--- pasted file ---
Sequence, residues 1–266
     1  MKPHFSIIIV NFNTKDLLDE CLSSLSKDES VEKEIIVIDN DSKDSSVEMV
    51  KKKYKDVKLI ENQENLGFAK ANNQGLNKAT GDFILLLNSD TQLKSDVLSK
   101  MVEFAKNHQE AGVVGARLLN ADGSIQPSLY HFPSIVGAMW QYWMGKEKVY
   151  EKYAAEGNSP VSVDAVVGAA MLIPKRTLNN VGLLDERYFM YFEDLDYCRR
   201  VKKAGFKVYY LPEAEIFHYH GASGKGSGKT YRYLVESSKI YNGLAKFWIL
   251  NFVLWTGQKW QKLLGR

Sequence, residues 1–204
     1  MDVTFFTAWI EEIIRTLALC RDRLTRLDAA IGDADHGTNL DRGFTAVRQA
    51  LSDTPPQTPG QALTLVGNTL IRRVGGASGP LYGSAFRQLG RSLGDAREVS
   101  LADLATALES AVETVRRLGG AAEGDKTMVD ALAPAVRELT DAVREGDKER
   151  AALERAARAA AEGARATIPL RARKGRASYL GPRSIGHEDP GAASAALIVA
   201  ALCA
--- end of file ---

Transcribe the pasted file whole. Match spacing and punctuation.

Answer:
Sequence, residues 1–266
     1  MKPHFSIIIV NFNTKDLLDE CLSSLSKDES VEKEIIVIDN DSKDSSVEMV
    51  KKKYKDVKLI ENQENLGFAK ANNQGLNKAT GDFILLLNSD TQLKSDVLSK
   101  MVEFAKNHQE AGVVGARLLN ADGSIQPSLY HFPSIVGAMW QYWMGKEKVY
   151  EKYAAEGNSP VSVDAVVGAA MLIPKRTLNN VGLLDERYFM YFEDLDYCRR
   201  VKKAGFKVYY LPEAEIFHYH GASGKGSGKT YRYLVESSKI YNGLAKFWIL
   251  NFVLWTGQKW QKLLGR

Sequence, residues 1–204
     1  MDVTFFTAWI EEIIRTLALC RDRLTRLDAA IGDADHGTNL DRGFTAVRQA
    51  LSDTPPQTPG QALTLVGNTL IRRVGGASGP LYGSAFRQLG RSLGDAREVS
   101  LADLATALES AVETVRRLGG AAEGDKTMVD ALAPAVRELT DAVREGDKER
   151  AALERAARAA AEGARATIPL RARKGRASYL GPRSIGHEDP GAASAALIVA
   201  ALCA